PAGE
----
Consulting After the Pandemic (#320)

This episode discusses how consulting has changed after the pandemic. In other words, after the pandemic, do you really have to go back on the road to be a consultant? It depends on the situation. It will probably require somewhat less travel, but generally speaking, consultants need to be on the road. There are some good reasons for this.

Let’s start with consulting partners. They need to be on the road. Period. The number one responsibility of a consulting partner is to drum up more business, because – unlike auditing – consulting projects are not recurring. Once a project is completed, it’s not coming back. This means that partners have to be constantly networking, which means meeting with people. In person. And on top of that, someone who is about to spend millions on a consulting project is more likely to award the job to someone that he has a personal connection with, which – again – supports the need for partners to be on the road, meeting people. All the time.

The need to be on the road also depends on the type of project. For example, if you’re dealing with a technical issue, such as installing software for a client, that doesn’t necessarily require a lot of direct interaction with the client. It still requires some interaction, such as when you need to talk to them about how they want to configure the software. So in this case, you might be able to do the bulk of the work remotely, just using Zoom or Skype calls. Though, realistically, some time will still be needed on site.

And then we have change management projects. Consultants get called in a lot to work client employees through all sorts of transitions. For example, consultants might be brought in to overhaul a process, which means interviewing people to see how the current system works, and then going through brainstorming sessions to find a better way, and then implementing the new system. Or, a client might be conducting a large layoff, and needs consultants on-site to figure out how to reallocate the work among the people who are left.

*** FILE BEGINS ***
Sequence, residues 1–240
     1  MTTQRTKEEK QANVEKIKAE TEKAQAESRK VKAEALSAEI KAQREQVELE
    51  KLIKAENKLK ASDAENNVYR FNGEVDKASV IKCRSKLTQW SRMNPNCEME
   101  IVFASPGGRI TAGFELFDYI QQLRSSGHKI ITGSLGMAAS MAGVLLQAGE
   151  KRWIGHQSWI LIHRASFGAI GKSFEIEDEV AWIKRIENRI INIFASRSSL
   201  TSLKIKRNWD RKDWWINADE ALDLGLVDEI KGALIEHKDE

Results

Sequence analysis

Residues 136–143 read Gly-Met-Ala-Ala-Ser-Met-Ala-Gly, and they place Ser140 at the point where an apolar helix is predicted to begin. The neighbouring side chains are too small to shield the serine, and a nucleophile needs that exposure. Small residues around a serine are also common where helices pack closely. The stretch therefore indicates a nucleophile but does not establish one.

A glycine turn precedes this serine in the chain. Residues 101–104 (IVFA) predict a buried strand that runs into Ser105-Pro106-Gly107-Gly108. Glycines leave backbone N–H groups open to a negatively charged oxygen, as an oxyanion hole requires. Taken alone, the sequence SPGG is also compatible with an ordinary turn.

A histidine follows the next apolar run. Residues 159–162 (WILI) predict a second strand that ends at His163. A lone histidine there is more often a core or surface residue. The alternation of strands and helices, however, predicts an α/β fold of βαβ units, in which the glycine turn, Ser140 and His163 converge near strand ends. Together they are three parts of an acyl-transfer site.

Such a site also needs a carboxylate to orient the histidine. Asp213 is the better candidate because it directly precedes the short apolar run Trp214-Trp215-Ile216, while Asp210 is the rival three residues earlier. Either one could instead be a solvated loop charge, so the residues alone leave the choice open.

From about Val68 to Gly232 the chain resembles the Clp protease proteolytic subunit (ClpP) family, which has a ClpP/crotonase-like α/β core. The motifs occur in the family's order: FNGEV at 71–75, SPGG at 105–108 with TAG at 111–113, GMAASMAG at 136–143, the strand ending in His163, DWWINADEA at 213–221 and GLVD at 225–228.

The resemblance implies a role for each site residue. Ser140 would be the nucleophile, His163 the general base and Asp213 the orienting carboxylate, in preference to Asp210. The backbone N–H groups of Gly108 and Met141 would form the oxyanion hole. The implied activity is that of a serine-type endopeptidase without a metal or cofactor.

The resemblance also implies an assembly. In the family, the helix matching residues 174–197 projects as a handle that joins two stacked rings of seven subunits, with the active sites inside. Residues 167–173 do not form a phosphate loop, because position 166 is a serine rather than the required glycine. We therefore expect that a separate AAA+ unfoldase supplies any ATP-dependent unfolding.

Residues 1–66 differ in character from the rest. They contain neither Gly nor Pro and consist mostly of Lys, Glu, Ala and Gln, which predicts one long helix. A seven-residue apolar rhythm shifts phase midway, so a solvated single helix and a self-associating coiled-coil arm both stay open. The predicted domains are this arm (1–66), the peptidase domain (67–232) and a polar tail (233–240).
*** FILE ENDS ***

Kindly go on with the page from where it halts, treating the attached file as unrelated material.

In these cases, the work needs to be entirely in front of client employees, every day. I don’t really see how much of this work can be shifted off-site.

And then we have benchmarking and best practices consulting. These projects are focused on making client operations better. They involve going on site and measuring how well a targeted operation works, and then comparing it to performance benchmarks from some other best-in-class company. In this case, the work is intensively hands-on. Opportunities for off-site consulting would be few and far between.

There’s also controls consulting. This involves going through processes in detail, figuring out where controls are installed, how well those controls are working, and whether more controls should be added. This work can only be done on site. There’s just no way to see if a control is working properly when you’re parked on the other end of a Zoom call.

The impression I’m trying to convey here is that consulting is intended to be on-site. Yes, there are some limited technical situations where you might be able to do some work from home, but for most consultants, it means travelling to the client to help them at their location.

Realistically, the only consulting positions that will be able to mostly avoid travel will be low-level staff positions that are highly technical. This is really a support role, so if you want to advance into a managerial position, then expect to be sitting on airplanes and sleeping in hotel rooms – a lot. I really don’t see the pandemic changing the situation. This is just the nature of consulting.